The FK 56-71 (Dubbed the "Braker" by Montana Newspapers) was a large train engine operated by Arrowhead and Western. The train had the shortest run in the companies history, lasting only 2 weeks after an incident in Arcadia and another in Springwood.
The Braker was created after an increase in demand for a larger-capacity freight engine for Canifrina to be run by Arrowhead and Western. Design started in 2010 and lasted 3 years, with its first doomed run on the 15th of March 2013 (one of two) in Montana. The train was meant to be able to run for 23 years.
15th of March
On the 15th of March, a group of some 100 spectators arrived below Port Junction to watch the Braker's first run. The train, headed for Springwood, left port at 09:35 with its brakes immediately freezing. By 09:45, after going through final checks, the train approached the junction. Although attempting to pull the brakes, the train continued at 50km/h and nearly immediately derailed upon hitting the turn. 37 people were immediately killed, including the driver, and 15 had been seriously injured with 2 passing later in hospital.
After the derailing, all 5 completed trains were once more inspected and once again there were no found issues according to a press release from A&W and a second trip was ordered, to depart from Springwood and arrive in Montana the next week.
21st of March
After 6 days of testing, a second train was ordered to depart from Springwood and arrive at Montana. Unlike the first attempt, the train was designated to leave extremely early in the morning to limit the number of spectators. Just 15 people stood along the tracks, a measly amount compared to the previous number of watchers. The train left Springwood Port at 00:20 and once again the brakes immediately froze. Once reaching its first bend the driver pulled the brakes "unsure of the safety of them", and as hypothesized, failed. The train derailed at a high speed and struck 2 civilians, killing them on impact. The driver survived the incident and was not arrested.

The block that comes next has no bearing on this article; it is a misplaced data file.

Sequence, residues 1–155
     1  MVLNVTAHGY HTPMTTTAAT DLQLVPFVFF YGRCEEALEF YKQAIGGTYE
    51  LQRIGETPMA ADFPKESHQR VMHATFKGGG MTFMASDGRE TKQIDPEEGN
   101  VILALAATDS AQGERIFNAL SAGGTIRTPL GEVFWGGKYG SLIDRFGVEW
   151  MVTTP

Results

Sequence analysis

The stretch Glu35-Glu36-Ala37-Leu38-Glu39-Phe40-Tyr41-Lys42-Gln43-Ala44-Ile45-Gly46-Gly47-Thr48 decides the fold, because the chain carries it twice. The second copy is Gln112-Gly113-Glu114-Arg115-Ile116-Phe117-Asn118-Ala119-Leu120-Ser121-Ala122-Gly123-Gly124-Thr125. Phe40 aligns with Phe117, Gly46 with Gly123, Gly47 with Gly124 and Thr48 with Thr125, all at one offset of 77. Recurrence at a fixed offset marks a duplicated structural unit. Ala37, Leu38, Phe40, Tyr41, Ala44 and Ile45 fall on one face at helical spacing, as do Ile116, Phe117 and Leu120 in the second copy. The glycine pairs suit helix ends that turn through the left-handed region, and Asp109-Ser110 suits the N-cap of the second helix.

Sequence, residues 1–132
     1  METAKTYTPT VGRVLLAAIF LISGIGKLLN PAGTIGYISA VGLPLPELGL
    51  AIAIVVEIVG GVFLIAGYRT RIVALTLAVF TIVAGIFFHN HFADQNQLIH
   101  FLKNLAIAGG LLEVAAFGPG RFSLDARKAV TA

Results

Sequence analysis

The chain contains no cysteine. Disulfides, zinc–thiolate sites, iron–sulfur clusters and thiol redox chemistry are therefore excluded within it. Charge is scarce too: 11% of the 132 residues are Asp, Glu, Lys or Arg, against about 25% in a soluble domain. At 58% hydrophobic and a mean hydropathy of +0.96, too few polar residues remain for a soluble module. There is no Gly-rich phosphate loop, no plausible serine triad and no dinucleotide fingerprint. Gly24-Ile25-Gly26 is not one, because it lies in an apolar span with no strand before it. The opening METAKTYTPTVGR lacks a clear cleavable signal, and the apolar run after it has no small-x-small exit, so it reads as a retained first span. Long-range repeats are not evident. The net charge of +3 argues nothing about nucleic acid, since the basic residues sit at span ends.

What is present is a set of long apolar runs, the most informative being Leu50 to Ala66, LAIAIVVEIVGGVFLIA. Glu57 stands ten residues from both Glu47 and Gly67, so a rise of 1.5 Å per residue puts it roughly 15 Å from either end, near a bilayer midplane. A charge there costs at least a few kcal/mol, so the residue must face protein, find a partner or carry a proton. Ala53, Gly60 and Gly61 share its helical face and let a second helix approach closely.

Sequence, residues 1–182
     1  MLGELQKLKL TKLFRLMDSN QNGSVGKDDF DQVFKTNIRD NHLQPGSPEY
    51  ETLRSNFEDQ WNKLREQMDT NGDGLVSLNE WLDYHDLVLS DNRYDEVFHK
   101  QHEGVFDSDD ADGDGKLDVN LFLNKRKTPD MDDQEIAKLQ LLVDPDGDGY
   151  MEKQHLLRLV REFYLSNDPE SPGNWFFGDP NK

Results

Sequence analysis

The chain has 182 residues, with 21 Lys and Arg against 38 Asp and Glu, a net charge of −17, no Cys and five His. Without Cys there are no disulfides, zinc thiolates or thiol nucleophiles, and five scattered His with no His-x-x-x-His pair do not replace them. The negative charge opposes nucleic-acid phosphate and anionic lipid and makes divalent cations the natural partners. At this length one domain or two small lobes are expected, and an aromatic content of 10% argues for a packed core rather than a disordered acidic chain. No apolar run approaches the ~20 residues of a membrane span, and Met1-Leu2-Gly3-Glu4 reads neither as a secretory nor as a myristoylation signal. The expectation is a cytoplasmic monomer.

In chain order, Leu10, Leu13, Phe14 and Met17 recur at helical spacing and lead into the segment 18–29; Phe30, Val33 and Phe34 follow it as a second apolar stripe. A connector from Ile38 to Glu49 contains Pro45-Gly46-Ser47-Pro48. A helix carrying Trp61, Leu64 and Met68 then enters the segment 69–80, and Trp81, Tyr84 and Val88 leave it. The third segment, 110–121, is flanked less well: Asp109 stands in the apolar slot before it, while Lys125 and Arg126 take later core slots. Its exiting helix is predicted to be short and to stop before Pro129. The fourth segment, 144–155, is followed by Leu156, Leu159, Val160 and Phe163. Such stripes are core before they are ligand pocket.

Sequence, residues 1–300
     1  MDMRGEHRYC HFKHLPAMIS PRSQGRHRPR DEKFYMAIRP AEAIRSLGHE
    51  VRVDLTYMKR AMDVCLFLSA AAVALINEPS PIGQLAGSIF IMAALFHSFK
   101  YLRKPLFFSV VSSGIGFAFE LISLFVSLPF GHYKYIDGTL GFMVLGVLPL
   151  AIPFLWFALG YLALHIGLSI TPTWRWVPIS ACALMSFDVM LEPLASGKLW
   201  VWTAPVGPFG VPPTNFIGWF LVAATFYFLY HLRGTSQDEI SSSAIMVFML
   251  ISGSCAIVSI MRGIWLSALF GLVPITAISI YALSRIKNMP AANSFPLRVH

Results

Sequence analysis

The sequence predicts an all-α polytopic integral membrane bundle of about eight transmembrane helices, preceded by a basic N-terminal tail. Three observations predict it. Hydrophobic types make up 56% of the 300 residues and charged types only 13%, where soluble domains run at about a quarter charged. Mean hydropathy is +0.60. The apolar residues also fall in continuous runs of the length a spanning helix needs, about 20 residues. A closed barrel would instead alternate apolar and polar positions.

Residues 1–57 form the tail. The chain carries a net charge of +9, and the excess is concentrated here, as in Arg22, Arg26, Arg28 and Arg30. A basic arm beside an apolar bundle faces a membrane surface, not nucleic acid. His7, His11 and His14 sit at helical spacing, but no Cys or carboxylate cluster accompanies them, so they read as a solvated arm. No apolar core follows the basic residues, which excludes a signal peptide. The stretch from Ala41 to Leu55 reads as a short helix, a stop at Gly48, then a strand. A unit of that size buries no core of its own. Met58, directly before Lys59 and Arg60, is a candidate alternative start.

The train was immediately withdrawn from service and all completed engines were scrapped. An investigation found 2 inspectors and 3 designers negligent and all are currently serving in the Canifrina State Prison. In total, 41 people were killed because of the engines. A more extensive rule set to the design and use of train engines were soon implemented as a direct result of the incident and in 2015 Port Junction was extended to allow a more diverse speed allowance in the port.